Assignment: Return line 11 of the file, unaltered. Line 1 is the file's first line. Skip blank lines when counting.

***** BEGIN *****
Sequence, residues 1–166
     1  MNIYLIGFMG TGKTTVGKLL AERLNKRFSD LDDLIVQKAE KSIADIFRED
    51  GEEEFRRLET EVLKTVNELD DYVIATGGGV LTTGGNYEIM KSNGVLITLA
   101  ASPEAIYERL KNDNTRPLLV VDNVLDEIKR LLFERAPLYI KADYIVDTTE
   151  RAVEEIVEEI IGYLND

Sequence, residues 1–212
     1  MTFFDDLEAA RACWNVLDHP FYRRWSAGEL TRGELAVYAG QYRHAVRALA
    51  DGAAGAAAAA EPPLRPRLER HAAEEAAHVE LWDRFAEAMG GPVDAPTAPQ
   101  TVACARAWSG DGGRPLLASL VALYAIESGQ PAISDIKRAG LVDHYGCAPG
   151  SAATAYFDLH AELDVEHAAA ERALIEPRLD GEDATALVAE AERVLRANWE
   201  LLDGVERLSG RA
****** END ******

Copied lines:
   201  LLDGVERLSG RA